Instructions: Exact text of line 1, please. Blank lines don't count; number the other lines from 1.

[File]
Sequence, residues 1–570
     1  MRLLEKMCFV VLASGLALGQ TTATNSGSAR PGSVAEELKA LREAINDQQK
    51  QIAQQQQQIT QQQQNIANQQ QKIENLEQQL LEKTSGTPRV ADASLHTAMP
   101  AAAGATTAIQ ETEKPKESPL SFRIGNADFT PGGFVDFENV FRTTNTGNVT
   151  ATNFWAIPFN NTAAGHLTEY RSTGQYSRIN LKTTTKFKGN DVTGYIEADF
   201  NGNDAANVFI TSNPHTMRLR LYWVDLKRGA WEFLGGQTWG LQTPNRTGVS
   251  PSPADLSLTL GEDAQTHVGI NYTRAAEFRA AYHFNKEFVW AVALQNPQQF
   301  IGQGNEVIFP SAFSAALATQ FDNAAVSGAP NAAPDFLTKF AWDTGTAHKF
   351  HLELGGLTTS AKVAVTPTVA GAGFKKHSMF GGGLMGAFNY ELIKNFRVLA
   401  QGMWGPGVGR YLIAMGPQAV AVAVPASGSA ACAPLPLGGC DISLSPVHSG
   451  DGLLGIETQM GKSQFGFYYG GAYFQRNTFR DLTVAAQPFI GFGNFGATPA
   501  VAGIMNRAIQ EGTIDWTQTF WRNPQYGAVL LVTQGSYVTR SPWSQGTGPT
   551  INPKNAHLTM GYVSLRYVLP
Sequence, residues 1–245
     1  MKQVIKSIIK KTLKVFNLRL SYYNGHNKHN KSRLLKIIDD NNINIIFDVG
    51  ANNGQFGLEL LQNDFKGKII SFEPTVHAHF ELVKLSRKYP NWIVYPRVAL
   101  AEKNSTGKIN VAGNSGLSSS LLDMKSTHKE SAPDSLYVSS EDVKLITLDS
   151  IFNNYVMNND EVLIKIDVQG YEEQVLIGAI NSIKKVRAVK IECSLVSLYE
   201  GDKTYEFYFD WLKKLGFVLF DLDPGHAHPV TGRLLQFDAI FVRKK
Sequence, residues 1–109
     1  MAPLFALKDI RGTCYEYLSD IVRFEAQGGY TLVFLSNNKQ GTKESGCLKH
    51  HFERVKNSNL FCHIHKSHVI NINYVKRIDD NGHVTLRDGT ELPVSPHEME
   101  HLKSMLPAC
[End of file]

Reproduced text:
Sequence, residues 1–570